user_scripts = "virtualenvwrapper.user_scripts:initialize_source"

Each entry points section maps the group names to lists of entry point specifiers. A different group name is defined by virtualenvwrapper for each extension point (see Extension Points).

The entry point specifiers are strings with the syntax name = "package.module:function". By convention, the name of each entry point is the plugin name, but that is not required (the names are not used).

The Hook Loader

Extensions are run through a command line application implemented in virtualenvwrapper.hook_loader. Because virtualenvwrapper.sh is the primary caller and users do not typically need to run the app directly, no separate script is installed. Instead, to run the application, use the -m option to the interpreter:

$ python -m virtualenvwrapper.hook_loader -h
Usage: virtualenvwrapper.hook_loader [options] <hook> [<arguments>]

Manage hooks for virtualenvwrapper

  -h, --help            show this help message and exit
  -s, --source          Print the shell commands to be run in the current
  -l, --list            Print a list of the plugins available for the given
  -v, --verbose         Show more information on the console
  -q, --quiet           Show less information on the console
  -n NAMES, --name=NAMES
                        Only run the hook from the named plugin

To run the extensions for the initialize hook:

$ python -m virtualenvwrapper.hook_loader -v initialize

To get the shell commands for the initialize hook:

$ python -m virtualenvwrapper.hook_loader --source initialize

In practice, rather than invoking the hook loader directly it is more convenient to use the shell function, virtualenvwrapper_run_hook to run the hooks in both modes.:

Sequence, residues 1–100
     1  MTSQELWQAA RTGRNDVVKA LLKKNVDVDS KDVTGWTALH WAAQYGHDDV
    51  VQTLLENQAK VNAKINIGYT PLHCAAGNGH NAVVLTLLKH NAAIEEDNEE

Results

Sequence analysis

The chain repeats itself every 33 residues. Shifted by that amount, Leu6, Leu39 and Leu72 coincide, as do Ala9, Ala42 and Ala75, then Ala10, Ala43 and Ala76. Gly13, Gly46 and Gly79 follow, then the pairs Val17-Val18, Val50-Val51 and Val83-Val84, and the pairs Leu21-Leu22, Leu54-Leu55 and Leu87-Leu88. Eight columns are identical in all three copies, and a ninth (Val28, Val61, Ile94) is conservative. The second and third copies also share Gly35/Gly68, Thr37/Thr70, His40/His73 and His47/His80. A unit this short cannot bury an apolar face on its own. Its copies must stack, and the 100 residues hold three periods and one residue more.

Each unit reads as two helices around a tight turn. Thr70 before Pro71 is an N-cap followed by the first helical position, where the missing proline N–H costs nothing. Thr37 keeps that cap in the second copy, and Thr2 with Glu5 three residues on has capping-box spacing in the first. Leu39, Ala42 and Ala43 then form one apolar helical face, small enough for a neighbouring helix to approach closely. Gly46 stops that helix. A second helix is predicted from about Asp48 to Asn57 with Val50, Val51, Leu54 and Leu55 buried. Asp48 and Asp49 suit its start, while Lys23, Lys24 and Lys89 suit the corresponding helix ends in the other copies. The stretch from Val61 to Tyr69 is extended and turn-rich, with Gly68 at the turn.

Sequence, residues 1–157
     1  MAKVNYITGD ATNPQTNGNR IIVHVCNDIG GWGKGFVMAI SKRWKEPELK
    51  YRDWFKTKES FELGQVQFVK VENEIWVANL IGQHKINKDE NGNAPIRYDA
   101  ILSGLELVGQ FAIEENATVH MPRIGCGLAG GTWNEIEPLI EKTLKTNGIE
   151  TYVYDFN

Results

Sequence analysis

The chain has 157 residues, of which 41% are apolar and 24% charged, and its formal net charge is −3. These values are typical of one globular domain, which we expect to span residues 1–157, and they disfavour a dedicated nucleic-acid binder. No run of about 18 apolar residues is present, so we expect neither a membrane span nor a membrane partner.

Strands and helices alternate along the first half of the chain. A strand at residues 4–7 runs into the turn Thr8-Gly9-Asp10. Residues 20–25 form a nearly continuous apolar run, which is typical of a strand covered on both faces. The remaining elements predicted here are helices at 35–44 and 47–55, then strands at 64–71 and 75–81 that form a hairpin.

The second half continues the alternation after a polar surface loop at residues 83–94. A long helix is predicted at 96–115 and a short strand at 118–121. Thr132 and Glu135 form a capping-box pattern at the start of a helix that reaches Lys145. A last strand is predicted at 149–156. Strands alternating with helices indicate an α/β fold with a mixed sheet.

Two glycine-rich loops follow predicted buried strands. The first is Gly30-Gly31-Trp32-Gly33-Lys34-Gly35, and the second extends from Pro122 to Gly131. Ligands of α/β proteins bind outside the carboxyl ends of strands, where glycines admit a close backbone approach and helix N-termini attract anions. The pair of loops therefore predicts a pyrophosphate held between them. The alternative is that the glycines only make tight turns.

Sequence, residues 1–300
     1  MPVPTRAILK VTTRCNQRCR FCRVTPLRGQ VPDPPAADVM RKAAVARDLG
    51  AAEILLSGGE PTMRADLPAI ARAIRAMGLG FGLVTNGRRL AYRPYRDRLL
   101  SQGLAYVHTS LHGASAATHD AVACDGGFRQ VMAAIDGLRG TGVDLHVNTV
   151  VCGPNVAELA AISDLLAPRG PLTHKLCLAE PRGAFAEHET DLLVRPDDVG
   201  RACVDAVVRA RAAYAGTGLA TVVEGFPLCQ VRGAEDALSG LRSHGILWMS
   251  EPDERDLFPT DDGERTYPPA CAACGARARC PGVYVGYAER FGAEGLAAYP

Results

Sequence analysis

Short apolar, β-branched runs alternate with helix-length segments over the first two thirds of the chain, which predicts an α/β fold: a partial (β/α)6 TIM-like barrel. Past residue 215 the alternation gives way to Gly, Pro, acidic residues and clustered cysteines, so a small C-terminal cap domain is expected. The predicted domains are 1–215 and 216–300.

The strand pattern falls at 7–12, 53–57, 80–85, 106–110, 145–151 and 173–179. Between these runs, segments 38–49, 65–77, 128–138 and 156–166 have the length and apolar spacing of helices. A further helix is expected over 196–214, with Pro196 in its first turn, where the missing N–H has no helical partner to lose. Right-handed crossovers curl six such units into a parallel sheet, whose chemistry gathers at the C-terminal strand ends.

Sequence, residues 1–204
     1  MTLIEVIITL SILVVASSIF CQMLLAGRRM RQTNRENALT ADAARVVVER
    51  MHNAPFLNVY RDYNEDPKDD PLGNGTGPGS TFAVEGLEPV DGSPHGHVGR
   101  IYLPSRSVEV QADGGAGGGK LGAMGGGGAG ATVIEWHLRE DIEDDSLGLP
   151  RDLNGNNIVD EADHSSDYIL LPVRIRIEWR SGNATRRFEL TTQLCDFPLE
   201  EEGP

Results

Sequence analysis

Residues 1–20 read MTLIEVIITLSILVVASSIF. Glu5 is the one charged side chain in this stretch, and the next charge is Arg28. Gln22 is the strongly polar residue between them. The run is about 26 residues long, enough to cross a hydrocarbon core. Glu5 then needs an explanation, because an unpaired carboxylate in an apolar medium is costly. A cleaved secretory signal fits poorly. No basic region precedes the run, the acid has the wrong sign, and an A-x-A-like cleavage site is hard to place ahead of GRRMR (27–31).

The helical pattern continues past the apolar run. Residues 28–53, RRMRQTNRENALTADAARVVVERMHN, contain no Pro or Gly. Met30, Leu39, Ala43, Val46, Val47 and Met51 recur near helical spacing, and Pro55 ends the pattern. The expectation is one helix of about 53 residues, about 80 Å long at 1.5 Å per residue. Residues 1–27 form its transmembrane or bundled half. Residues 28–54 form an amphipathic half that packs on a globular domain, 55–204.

$ virtualenvwrapper_run_hook initialize

All of the arguments given to shell function are passed directly to the hook loader.


The hook loader configures logging so that messages are written to $WORKON_HOME/hook.log. Messages also may be written to stderr, depending on the verbosity flag. The default is for messages at info or higher levels to be written to stderr, and debug or higher to go to the log file. Using logging in this way provides a convenient mechanism for users to control the verbosity of extensions.

To use logging from within your extension, simply instantiate a logger and call its info(), debug() and other methods with the messages.

import logging
log = logging.getLogger(__name__)

def pre_mkvirtualenv(args):
    log.debug('pre_mkvirtualenv %s', str(args))
    # ...

Extension Points

The extension point names for native plugins follow a naming convention with several parts: virtualenvwrapper.(pre|post)_<event>[_source]. The <event> is the action taken by the user or virtualenvwrapper that triggers the extension. (pre|post) indicates whether to call the extension before or after the event. The suffix _source is added for extensions that return shell code instead of taking action directly (see Modifying the User Environment).